A Haphazard "Raymonda"
Looking at the Bolshoi Ballet this week felt like entering a time warp. Rarely has the gulf between East and West been so intensely felt. What the company apparently considers daring and a step into the avant garde, Radu Poklitaru and Declan Donnelan's punkish "Romeo and Juliet," despite its intriguing idea of using the corps like a Greek chorus, looked incredibly simple minded and dated. "Raymonda", on the other hand, judging from the bored rendering the work received, must be considered old hat by the dancers. Yet "Raymonda", its limping plot line not withstanding, has so much to be admired, and deserves a better performance than it got.
Act one tells the story of a romance between Raymonda, a niece of the Countess Sybille de Doris, and Jean de Brienne, a French nobleman about to depart for the crusades with the King of Hungary. Raymonda has a dream in which her fiancé returns only to be replaced by an ardently courting Saracen knight, Abderakhman. In act two, Abderakhman, apparently invited to the Countess' festivities, pursues Raymonda ever more ardently. De Brienne arrives just in time to save Raymonda from a fate worse than death. The King of Hungary arrives just in time to avoid general blood shed. The two rivals for Raymonda affection fight a duel. Guess who wins? Act three celebrates the marriage-in Hungarian style-of the two young lovers.
On opening night, Raymonda was danced by Anna Antonicheva; de Brienne
by Sergey Filin and Abderakhman by Dmitry Belogolovtsev.
No credit was given for the costumes though the court women's drooping sleeves and the men's very short doublets excellently reinforced those extraordinary long lines that the Bolshoi dancers are known for. In general, this is a picture book middle ages except that the costumes look like synthetics. The fact that Jean de Brienne (a rather stolid Sergey Filin) goes to war in white satin with extravagant feathers on his helmet does not only puzzle contemporary sensibilities. Fokine bitterly complained about this kind of incongruity when he had to wear silk instead of stretch tights..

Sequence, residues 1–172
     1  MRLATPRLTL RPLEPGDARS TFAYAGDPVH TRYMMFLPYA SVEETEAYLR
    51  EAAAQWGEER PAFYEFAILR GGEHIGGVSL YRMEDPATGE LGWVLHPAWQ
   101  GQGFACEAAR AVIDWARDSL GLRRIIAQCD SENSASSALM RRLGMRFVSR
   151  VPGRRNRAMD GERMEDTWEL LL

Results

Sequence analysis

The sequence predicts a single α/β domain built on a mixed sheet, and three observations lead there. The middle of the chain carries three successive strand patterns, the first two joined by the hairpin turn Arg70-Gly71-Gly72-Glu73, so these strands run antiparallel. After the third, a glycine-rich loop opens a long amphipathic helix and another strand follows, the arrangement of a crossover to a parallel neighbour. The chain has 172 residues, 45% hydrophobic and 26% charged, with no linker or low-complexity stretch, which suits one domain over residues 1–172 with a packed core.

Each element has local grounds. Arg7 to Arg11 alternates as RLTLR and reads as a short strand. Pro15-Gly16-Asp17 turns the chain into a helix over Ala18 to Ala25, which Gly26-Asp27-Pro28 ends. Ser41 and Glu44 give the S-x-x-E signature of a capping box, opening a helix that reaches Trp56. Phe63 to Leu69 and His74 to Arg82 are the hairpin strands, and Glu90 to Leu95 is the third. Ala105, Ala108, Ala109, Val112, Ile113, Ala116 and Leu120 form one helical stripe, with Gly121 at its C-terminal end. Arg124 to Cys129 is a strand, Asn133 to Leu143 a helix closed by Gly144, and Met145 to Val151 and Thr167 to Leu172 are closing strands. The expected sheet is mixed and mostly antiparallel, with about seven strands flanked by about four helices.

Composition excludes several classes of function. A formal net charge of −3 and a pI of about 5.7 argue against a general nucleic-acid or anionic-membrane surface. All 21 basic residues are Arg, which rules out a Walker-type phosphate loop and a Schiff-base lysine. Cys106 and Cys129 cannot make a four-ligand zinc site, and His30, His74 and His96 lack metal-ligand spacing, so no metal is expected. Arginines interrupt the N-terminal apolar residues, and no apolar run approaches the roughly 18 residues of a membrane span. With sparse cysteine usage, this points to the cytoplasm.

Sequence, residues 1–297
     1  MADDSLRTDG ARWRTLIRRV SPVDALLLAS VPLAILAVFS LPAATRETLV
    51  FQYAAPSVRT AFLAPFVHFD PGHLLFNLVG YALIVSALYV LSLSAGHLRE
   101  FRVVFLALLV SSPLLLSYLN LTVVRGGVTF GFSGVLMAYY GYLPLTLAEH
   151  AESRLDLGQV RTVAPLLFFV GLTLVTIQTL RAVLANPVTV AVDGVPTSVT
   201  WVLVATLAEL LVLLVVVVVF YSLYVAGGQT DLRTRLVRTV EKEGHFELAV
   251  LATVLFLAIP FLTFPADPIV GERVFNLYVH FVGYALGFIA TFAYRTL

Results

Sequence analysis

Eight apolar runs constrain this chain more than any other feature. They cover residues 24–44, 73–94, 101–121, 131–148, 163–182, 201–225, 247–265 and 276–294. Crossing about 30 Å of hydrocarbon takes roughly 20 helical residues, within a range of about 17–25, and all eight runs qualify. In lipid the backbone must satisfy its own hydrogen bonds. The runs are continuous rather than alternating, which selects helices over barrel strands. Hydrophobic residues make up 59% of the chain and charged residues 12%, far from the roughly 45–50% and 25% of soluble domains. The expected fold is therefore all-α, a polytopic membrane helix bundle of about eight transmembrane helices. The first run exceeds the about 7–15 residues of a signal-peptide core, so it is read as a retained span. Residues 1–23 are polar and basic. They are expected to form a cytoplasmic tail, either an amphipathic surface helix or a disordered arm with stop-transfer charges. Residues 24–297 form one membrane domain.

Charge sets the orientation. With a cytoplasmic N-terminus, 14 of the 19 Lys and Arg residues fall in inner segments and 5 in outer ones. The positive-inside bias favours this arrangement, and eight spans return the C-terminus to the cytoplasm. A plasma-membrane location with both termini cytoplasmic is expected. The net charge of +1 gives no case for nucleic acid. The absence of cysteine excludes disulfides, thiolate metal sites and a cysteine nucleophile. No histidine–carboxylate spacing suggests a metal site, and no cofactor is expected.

Apparently the company isn't entirely certain who choreographed what, in particular in terms Gorsky's contribution. I was told that the third act's Mazurka and Hungarian dance was either by Petipa or Gorsky, but that the gallop at the end of the Hungarian is definitely Gorsky's.
Throughout this layering, cutting and re-arranging some of the choreography shone so brilliantly that, even without confirmation, it couldn't have been done by anybody but Petipa. The variations for Clemence (Maria Alexandrova) and Henriette (Ekaterina Shipulina), Raymonda's friends, were so lovingly detailed, with the first being more in adagio, the other more in allegro, that they jumped out like diamonds from rhinestones. No wonder these two dancers gave the most spirited and convincing performances all night.
To credit the Dream scene to Petipa also makes sense; its overlapping circles, half-circles and lines were so smoothly designed to make satisfying pictures at every moment that one easily recognized the master. It was unfortunate that the corps-which seemed most alive in promenades and character dances—performed these kaleidoscopic pattern dances so indifferently. Maybe that was the evening's biggest disappointment. How little commitment there seemed be in these dancers.
Petipa's Grand Pas Classique, gorgeously costumed in black and gold, was also rather perfunctorily presented. Ekaterina Krysanova's tiny variation with its fast, precisely punched out point work and floating arms, however, looked good.
Mr. Grigorivich's second act contribution was just as unmistakable as Petipa. Only it looks a lot more of its time. As an example of that sleek, stripped down and melodramatic Soviet style, it was quite astounding though somewhat uncomprehending to behold. How could they ever have gotten away with those thundering, hunched over "Barbarian" dances despite the fact that Glazunov's churning score at that point, of course, suggested something turbulent and not quite "civilized?" Still, it was hard to keep a straight face. The Spanish dancers-big hair for the women, huge cambrés and ear rings for the men—however, would be right at home in one of the more old fashioned Vegas shows. Nuance was the last thing on Mr. Grigorivich's mind, so all you could do is look at it as a product of its own era and try to imagine how a Soviet audience might have seen it.
Anna Antonicheva's Raymonda was rather bland. While technically quite acceptable, one only intermittently had a sense of her inhabiting the role. Looking a little bit like a young Aurora, bursting onto the stage like a colt, she quickly settled into dancing the steps. Even the third act "hand clapping variation", for all its speed and coordination challenges looked pallid. I longed for SFB's Lorena Feijoo. Mr. Filin's Jean de Brienne at least wore his own hair and didn't have to quickly pull off the wig, as Fokine did, for the wedding scene. He has nice elevation and is a good partner. There were moments, in a kind balancing pas, when the lovers actually threw some sparks in our direction. Dmitry Belogolovtsev, a formidable dancer, gave Abderakhman a chiseled, though never chilling interpretation. Even some dignity when he died at Raymonda's feet.
Raymonda PHOTO: Igor Zakharkin